Wednesday, December 27, 2006

Presidential Peace

I just now heard Gerald Ford died yesterday. That made me a little sad - probably because he was the first President I really remember from my childhood.

I have a memory from 1976 of getting into a fight with some kid at the Day Care Center because he was pro-Jimmy Carter and I was pro-Ford. At the age of nine, we weren't exactly students of the intracacies of presidential qualifications. The true source of the conflict was that his dad was going to vote for Carter, and mine was casting his ballot for Ford.

I'm nowhere near as passionate about politics as I was then - quite the opposite. Frankly, I can stand neither liberal fault-finding nor conservative conspiracy-theorizing. I hate politics in their entirety - both because they are so ludicrous, and yet are so necessary.

But the one thing that really bothers me is that ever since Nixon's fiasco of criminal activity in Watergate, the press has viewed the office of the President with disdain. In the last few decades, it's been open season on the man in the White House. (Insert Dick Cheney joke here if you must.) Yes, being in the public eye makes you fair game. But poachers who will kill at any cost are a danger to any society.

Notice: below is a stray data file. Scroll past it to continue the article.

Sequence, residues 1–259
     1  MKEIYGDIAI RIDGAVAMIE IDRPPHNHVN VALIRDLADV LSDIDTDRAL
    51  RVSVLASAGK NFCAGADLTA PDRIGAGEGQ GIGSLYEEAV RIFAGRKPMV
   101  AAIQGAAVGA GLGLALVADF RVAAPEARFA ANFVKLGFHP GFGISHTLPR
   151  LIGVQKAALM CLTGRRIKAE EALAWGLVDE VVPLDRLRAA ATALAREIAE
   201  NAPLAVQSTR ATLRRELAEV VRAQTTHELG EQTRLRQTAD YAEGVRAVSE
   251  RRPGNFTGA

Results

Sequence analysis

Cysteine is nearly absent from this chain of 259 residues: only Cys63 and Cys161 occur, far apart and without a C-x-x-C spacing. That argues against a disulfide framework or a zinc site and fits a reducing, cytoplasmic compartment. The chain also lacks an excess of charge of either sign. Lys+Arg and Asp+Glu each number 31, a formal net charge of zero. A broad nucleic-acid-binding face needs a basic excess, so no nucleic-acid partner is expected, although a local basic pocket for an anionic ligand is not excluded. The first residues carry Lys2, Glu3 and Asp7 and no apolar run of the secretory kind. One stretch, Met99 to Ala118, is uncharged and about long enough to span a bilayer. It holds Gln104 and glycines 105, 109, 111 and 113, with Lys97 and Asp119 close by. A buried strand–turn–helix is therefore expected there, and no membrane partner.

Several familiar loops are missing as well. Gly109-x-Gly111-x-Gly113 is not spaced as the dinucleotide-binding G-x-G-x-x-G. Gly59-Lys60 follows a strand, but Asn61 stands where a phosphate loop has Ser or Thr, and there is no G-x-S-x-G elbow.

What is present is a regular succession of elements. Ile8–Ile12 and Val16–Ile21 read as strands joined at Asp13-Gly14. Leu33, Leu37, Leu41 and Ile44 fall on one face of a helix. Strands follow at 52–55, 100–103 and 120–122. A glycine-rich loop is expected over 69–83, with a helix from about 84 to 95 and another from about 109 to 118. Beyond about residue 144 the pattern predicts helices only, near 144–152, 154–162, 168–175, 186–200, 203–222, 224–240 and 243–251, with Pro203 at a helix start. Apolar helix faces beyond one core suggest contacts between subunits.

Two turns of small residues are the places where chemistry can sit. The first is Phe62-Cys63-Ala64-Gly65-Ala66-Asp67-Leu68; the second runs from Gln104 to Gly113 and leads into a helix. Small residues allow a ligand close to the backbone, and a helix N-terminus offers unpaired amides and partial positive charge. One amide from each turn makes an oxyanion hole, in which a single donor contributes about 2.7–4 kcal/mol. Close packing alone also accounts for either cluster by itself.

I remember that one misstep on the steps of Air Force One turned Gerald Ford into being portrayed as a klutz. He was lampooned on Saturday Night Live to the giggles of millions, but the press began broadcasting every one of his golf and tennis gaffes.

Not one of us could live up to the scrutiny of being on camera 24 hours a day. Never mind that Ford was a college football All-Star. He was a clumsy oaf because the press said so.

Today, George W. Bush is portrayed as a brainless chimp. I've never been behind the scenes as he discusses the war in Iraq with his cabinet members and advisors, so I can't explain all of his decision-making rationale. And I've never personally met the man, so I can't speak to his character.

But I CAN say this: You don't get to the most powerful office in the world by being an idiot. Whether he is a Democrat or a Republican, a conservative or a liberal, the President of the United States of America will always have my respect because of the office he holds, the responsibility he bears, and the authority with which he has been entrusted. I may not always like him, I will rarely agree with him, but I will always respect him.

My encouragement is: Debate the issues, stand up for your rights and beliefs, operate within the boundaries of the laws of our nation. But do it without using childish and uninformed insults like "idiot." We'll all be better off. As the apostle Peter said, "Honor all people, love the brotherhood, fear God, honor the king." (1Pet. 2:17)

And to Gerald Ford, I say, "Rest in peace, Mr. President."